Every year, Time Magazine compiles a list of its most influential teens with members including the privileged children of celebrities, Internet personalities, actors, musicians, scientists, and even political dissidents. This year had especially diverse mentions with Asian-Pacific teens making up a good third of the list, which includes such young sensations and celebrities as Millie Bobby Brown, Noah Cyrus, Isaac Hempsead-Wright, and Jaden and Willow Smith.
Shibby de Guzman
Resistance to oppression takes many forms, and this ninth grader is not afraid to take President Duterte of the Philippines to task for atrocities committed during his war on drugs. The 14-year-old demonstrates that you’re never too young to fight for human rights, and protesting in a nation where dissent can be dealt with swiftly and cruelly, her bravery is exemplary. She also slammed counter-protesters who claimed that she and the protests she organized were “brainwashed.” Despite being one of the youngest people on the list, Guzman refuses to let the prestige go to her head, claiming ““I think that I didn’t really earn my spot, but I did use the opportunity to do good. I just thought that it was the right thing to do.”
Plenty of teen use emojis in their every day text conversation, but few can say that they pioneered the creation and release of a new one. Alhumedhi noticed the lack of representation whilst trying to make a gr oupchat with her friends. In July 2017, the Saudi-Austrian girl’s dream and project was officially implemented by Apple, and based on the hundreds to thousands of other emoji applicants, it was no easy feat. Other social media platforms like Twitter would soon debut their own headscarf emojis, presumably following Apple and Alhumedhi’s example. Now 16, Alhumedhi is continuing to champion diversity and representation in technology.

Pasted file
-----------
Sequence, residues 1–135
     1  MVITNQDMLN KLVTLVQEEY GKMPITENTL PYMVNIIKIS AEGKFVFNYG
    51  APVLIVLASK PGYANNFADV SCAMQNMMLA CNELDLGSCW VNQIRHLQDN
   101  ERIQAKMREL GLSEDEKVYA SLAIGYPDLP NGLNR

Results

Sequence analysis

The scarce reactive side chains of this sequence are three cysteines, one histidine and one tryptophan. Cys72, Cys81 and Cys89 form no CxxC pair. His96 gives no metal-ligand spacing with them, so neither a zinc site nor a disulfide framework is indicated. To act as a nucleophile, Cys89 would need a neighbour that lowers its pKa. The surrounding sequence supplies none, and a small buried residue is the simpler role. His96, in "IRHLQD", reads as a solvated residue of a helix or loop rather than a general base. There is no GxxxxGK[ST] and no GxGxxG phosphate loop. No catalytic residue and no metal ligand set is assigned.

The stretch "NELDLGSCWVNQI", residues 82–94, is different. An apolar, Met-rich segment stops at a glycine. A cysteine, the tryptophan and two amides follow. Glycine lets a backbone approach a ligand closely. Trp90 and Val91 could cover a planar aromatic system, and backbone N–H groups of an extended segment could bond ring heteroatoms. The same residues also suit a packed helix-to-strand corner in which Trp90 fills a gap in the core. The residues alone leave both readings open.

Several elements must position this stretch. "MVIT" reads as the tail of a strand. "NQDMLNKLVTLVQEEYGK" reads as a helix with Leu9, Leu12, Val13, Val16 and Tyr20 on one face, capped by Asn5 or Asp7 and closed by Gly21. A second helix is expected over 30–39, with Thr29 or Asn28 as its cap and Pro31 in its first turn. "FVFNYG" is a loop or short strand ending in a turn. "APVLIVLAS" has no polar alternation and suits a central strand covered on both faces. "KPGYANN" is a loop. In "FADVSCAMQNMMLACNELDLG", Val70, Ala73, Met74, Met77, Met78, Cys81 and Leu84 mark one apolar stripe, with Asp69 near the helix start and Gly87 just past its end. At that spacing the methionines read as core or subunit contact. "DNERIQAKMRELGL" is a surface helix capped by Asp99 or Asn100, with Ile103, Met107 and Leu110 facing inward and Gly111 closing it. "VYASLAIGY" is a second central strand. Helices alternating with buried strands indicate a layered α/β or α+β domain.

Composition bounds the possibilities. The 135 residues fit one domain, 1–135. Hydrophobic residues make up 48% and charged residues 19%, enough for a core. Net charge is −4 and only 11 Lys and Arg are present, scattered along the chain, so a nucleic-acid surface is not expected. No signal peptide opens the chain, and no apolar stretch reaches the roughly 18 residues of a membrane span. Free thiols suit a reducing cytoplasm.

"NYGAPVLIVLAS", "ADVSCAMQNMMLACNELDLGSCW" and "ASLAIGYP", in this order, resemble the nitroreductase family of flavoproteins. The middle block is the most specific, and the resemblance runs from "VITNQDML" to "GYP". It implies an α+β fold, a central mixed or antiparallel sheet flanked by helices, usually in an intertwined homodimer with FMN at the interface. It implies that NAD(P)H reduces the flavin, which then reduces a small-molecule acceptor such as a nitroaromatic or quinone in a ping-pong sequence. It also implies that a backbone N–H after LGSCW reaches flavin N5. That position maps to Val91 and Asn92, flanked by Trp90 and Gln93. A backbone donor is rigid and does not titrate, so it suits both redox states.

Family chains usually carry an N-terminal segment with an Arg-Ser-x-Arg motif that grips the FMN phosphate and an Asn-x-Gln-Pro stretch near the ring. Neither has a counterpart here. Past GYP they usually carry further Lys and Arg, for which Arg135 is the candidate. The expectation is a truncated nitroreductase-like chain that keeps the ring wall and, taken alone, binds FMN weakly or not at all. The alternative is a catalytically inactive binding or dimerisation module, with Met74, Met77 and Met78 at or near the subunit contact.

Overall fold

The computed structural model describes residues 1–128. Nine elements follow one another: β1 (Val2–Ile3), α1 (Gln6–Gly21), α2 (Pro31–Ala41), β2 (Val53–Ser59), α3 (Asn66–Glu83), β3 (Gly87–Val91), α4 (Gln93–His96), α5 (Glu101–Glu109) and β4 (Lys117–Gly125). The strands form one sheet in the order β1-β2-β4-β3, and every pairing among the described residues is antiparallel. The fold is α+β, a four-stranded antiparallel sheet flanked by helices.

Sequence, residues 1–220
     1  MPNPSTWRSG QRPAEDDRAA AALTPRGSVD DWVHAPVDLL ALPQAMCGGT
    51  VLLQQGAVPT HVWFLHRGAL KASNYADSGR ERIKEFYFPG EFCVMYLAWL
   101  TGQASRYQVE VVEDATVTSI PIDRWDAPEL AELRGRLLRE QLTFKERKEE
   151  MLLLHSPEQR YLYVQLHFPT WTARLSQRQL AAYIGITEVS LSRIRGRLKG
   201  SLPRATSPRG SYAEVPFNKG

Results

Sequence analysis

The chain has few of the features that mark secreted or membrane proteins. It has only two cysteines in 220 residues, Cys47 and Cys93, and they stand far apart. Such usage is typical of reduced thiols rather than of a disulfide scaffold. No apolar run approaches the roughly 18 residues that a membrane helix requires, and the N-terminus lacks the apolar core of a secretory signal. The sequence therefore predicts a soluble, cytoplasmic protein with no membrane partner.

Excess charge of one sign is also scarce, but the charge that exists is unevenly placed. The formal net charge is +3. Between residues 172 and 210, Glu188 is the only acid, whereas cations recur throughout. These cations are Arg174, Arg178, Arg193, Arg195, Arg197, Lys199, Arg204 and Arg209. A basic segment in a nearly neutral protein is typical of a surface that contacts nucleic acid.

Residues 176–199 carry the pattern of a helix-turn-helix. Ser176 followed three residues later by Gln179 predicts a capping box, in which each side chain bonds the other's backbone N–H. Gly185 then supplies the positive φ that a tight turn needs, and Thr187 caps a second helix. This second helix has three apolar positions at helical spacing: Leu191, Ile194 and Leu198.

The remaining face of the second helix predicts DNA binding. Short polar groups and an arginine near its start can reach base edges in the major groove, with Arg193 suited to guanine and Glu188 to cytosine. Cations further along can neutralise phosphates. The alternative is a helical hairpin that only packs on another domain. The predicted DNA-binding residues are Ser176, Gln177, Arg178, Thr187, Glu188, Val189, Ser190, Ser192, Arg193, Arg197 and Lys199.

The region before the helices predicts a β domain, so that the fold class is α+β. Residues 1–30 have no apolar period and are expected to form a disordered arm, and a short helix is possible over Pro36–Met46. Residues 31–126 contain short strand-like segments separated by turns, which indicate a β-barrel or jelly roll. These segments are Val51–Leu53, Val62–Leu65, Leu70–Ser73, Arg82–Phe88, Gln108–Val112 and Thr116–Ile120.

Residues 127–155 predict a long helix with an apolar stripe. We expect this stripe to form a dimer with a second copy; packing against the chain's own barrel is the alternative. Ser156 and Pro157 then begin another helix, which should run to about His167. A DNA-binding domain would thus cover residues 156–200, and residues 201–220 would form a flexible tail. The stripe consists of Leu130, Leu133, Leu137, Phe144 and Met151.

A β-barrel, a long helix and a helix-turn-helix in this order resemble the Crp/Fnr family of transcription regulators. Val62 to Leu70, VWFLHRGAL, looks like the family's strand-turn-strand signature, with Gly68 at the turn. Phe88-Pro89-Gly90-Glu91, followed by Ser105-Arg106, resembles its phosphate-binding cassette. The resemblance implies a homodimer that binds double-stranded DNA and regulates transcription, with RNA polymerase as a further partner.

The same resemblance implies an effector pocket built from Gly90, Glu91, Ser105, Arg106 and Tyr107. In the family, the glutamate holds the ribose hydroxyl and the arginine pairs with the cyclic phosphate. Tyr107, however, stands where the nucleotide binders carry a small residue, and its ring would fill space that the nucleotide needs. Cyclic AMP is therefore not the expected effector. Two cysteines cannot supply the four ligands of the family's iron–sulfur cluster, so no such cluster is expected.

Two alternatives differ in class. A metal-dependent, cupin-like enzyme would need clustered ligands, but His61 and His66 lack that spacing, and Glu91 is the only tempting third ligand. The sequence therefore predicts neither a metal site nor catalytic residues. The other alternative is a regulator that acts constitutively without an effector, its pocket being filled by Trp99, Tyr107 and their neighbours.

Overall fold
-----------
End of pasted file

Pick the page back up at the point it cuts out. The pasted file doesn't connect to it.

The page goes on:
At just 16, Cravalho has been making big waves as a performer since she won the titular acting and singing role in the Disney film Moana. Her stunning live performance at the Oscars earlier this year demonstrated to the world that she was exceptionally talented and qualified. She’ll be starring alongside Rosie Perez and Josh Radnor in the new NBC drama series Rise. Of Puerto Rican, Native Hawaiian, and Portuguese descent, Cravalho hopes to be a role model and hero to mixed race children everywhere. The world is watching how far she’ll go!
Half Korean and half Nigerian, Han admits that he felt a great deal of shame and faced discrimination for being different in his homeland of South Korea. Fortunately, his differences and unique look have gone a long way in making him a famous and celebrated model. Just a year ago, Han was discovered by an agency via his Instagram. Now, he’s making history as the first black fashion star of South Korea’s catwalks. He hopes his newfound exposure and following will help prevent others from experiencing racism.
Also known by his English name Roy Wang, this 16-year-old Chinese pop sensation has performed to great success as both a member of 20-million-Twitter-Follower boy band TFBoys and as a solo act. He’s already started starring in plenty of screen roles and commercials, graduating from small cameos to more major roles. In 2016, he became the youngest person to ever grace the cover of Cosmopolitan China. He’s also used his star power to benefit multiple United Nations initiatives, and was appointed a UNICEF Special Advocate for Education.